An Open Letter To The Tony Awards, Deaf Talent Is Here

Written by Bill, Edited by Gabrielle

With the conclusion of the Grammys and the Oscars, it is time to gear up for the Tony Awards. I do not envy the job ahead for the Tony voters. The 2015-2016 season is my first season to have the honor of experiencing Broadway myself. From my own personal experience as well as the multitude of articles i have read and the many people I have talked to, this season was a very special one indeed.

Broadway is home to the most outstanding theatrical performances in America, if not arguably the world. It comes as no surprise to me when I hear of a person talking about how amazing a Broadway show they saw was. In fact, I would be more surprised to hear that a performance they experienced was less then stellar. Let’s be honest, on Broadway you have the best people at every aspect of theatre: the top performers, directors, choreographers, stage managers, make-up and hair stylists. If you are among the best in any aspect of theatre then Broadway is where you want to make your mark. The best become better by being among the best in their craft.

How is it possible then to decide which of the many outstanding shows are deserving of arguably the most esteemed of all performance awards, the Tony Award? The level of talent available to every show is at the point where the most minuscule of differences from one show to the next will be the deciding factor between a nomination, not being mentioned or even in the win. A person could argue for the merits of nearly any show on Broadway I shall focus on the merits of one show in particular.

The production of Deaf West’s Spring Awakening presents many merits that are not limited to personal preferences that make it a strong contender for a multitude of nominations and, more importantly, many Tony awards. This show has already won many awards at every level that is has been presented. The 2015 Ovation awards saw Deaf West’s Spring Awakening take home more awards then any other production for the entire year. It was also the first show ever to win the Ovation award for both intimate theatre as well as a large theatre production, which had never happened before in the history of the Ovation awards.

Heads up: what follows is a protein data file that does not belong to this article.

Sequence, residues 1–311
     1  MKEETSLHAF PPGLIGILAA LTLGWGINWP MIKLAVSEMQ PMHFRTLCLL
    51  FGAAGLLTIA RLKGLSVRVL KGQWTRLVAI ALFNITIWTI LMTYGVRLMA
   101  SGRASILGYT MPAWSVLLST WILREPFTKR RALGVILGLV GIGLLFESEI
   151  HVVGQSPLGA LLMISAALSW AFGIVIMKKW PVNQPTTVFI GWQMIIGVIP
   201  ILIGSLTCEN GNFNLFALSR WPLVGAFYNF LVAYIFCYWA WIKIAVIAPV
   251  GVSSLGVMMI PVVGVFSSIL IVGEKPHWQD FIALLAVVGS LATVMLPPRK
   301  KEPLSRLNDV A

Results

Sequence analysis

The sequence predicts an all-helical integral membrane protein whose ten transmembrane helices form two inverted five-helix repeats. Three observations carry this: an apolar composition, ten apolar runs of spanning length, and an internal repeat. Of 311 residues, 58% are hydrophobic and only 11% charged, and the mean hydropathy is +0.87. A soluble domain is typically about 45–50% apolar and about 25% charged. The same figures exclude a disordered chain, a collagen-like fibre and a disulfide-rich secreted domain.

BroadwayWorld regional awards for Los Angeles are awards that are voted on by the general public and in every category that a Spring Awakening cast member was nominated, they won it convincingly. They dominated awards for their West Coast run and the show only improved when the show moved east to the Great White Way.

There was some apprehension early on from many on Broadway. Was it too early for a revival? After all, it was less then a decade since the original production of Spring Awakening had closed, a Broadway hit that garnered 8 Tony Awards themselves. Once the previews of the new production began and the reviews started rolling in, that question quickly became mute. The show was a hit and many started referring to it as not a revival, but a reinvention. The reviews that did compare the original to Deaf West’s reimagined one unanimously determined that the revival was superior, while taking nothing away from the original. It is truly unfair to compare the two shows on even footing because, though they were both the same story and same music, the integration of American Sign Language to augment the central them of lack of communication between the parents and kids in the show strengthened the storyline so much that it took Spring Awakening to a new level. Throughout its limited run, the incredible reviews and stories never seemed to end. The production was termed the most emotional show on Broadway in over a decade and also called the most important show on Broadway. By the end, the show found itself listed on 16 different top ten shows of 2015 lists. The cast was also invited to perform at The White House and received a commendation from the Mayor of New York City for their spectacular inclusivity.